Over the past year many workers, employers, attorneys and workers’ rights advocates have been closely monitoring the Equal Employment Opportunity Commission‘s move to crackdown on businesses for rigid leave-of-absence policies that automatically terminate employees when a person does not (or simply cannot) return to work immediately following a stipulated leave period. These situations arise, for instance, when an employee exhausts available FMLA leave. Most recently, the EEOC has targeted businesses including UPS, JP Morgan Chase, Sears Roebuck, and United Airlines for violating workers’ rights in their leave of absence practice and policy. When the EEOC set its sights on Jewel-Osco in January 2011, the company was eventually required to pay 110 individuals a total of $3,200,000 in damages.
This past June the EEOC also began holding public hearings on the use of extended leaves of absence as reasonable accommodation for disabilities covered under the expansive “Americans with Disabilities Act Amendments Act.” Now in a recent turn of events, it seems increasingly likely that employers will also need to consider the use of extended leaves of absence as accommodation for employees’ religious beliefs.
This most recent development is partly an outgrowth of the fact that both the ADA and Title VII mandate that employers give reasonable accommodation for their workers’ disabilities or religious beliefs, respectively. However, while both the ADA and Title VII leave room for businesses to refuse accommodation if doing so would create an undue hardship for the employer, in practice it has been significantly less difficult for an employer to demonstrate undue hardship in accommodating religious leave than to show hardship in accomodating requests under the ADA. As a result, there have historically been far more leave of absence disputes and claims under ADA than Title VII.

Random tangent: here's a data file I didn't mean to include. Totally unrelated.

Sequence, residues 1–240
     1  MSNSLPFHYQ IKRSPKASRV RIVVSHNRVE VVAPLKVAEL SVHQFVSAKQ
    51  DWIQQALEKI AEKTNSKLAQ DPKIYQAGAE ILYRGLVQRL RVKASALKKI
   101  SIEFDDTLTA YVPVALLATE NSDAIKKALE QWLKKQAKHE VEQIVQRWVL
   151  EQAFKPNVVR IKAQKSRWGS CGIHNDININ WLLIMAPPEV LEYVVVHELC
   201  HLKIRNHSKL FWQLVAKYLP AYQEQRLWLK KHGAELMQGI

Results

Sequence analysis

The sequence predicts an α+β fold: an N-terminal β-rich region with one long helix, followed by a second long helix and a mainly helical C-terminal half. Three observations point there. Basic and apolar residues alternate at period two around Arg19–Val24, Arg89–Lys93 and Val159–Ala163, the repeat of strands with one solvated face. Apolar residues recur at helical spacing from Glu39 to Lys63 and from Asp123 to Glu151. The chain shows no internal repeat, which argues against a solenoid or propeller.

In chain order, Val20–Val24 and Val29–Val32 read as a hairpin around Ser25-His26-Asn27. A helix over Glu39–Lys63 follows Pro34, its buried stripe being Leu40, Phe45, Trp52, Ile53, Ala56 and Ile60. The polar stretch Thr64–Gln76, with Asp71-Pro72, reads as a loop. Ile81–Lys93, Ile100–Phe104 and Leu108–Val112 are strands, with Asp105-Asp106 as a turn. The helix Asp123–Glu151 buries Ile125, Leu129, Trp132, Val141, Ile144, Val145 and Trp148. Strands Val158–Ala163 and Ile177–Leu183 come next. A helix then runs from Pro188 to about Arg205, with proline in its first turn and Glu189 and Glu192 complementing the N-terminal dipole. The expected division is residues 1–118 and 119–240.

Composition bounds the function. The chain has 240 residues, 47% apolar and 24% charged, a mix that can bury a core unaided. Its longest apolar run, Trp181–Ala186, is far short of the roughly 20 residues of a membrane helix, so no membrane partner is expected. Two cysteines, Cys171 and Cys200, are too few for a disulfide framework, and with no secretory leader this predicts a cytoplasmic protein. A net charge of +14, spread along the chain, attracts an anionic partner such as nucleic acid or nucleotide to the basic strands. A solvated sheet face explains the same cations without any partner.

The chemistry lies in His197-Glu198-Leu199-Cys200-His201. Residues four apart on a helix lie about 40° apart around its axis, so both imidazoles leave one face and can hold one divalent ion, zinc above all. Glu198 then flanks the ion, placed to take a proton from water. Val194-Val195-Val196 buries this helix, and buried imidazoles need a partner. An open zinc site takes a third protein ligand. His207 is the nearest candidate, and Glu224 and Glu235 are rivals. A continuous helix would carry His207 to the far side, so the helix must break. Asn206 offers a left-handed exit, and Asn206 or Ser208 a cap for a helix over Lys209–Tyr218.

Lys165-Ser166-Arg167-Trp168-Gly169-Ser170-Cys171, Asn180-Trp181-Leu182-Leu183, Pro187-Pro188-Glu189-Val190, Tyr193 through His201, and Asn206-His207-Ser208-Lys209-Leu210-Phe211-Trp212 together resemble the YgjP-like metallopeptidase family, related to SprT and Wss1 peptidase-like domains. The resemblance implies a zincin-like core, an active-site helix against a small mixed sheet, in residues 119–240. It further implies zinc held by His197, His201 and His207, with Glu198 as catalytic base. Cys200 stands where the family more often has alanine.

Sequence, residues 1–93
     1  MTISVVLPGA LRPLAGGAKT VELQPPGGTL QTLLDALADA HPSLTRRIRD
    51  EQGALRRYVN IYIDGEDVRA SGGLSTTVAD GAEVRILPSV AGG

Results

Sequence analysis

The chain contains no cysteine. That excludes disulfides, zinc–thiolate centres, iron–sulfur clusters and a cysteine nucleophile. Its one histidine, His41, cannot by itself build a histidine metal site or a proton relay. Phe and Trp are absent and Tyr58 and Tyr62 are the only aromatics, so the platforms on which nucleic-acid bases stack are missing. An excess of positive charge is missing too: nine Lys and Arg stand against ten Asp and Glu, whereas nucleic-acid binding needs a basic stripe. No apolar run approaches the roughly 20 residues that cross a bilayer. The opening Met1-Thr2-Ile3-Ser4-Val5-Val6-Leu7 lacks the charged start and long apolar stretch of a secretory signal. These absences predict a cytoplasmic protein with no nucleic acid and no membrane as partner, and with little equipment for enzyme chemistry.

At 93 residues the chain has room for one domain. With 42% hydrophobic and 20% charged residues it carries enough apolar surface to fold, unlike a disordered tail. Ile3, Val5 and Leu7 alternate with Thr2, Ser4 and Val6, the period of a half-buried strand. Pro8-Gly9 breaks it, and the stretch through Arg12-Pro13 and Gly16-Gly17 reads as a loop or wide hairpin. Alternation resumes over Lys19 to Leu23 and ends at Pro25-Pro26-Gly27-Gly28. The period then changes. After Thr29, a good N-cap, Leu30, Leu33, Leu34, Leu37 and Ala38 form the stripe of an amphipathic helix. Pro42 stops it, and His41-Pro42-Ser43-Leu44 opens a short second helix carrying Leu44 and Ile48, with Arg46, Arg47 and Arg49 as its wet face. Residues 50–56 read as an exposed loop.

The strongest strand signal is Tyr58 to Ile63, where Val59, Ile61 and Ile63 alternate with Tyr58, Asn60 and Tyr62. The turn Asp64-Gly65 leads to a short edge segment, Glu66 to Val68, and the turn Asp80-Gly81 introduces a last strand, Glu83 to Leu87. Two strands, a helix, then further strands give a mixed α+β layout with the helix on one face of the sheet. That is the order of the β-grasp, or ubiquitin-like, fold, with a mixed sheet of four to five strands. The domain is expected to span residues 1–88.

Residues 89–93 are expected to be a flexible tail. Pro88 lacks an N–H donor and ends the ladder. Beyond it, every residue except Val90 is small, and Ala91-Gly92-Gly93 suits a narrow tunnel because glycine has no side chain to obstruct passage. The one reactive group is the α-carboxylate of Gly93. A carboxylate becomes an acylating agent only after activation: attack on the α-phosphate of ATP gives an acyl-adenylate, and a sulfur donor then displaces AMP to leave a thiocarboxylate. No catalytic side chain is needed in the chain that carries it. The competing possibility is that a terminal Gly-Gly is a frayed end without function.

However, this dynamic may soon undergo significant change.
On October 13, 2011, the Department of Justice settled its first lawsuit under a new program created “to ensure vigorous enforcement” of Title VII against government employers. The program does this by enhancing collaboration between the EEOC and the Justice Department (which enforces Title VII within state and local government agencies and entities). The case in question arose when the Department of Justice announced that is was bringing a religious discrimination case against an Illinois school district that has refused to give a Muslim employee extended leave for a 90-day religious pilgrimage known as a Hajj. The DOJ later released a statement to announce that the case had been resolved with a settlement from the School District. Prior to this case, the vast majority of lawsuits and settlements had involved short-term leaves, such as those involving observation of the Sabbath or other distinct religious holidays.
Given the outcome in Illinois, we can likely expect to see more cases in which employers are required to grant worker requests for extended leaves of absence to accommodate religious beliefs.
If you have faced discrimination in the workplace, contact a Washington employment attorney at Emery Reddy today to learn how we can protect your rights.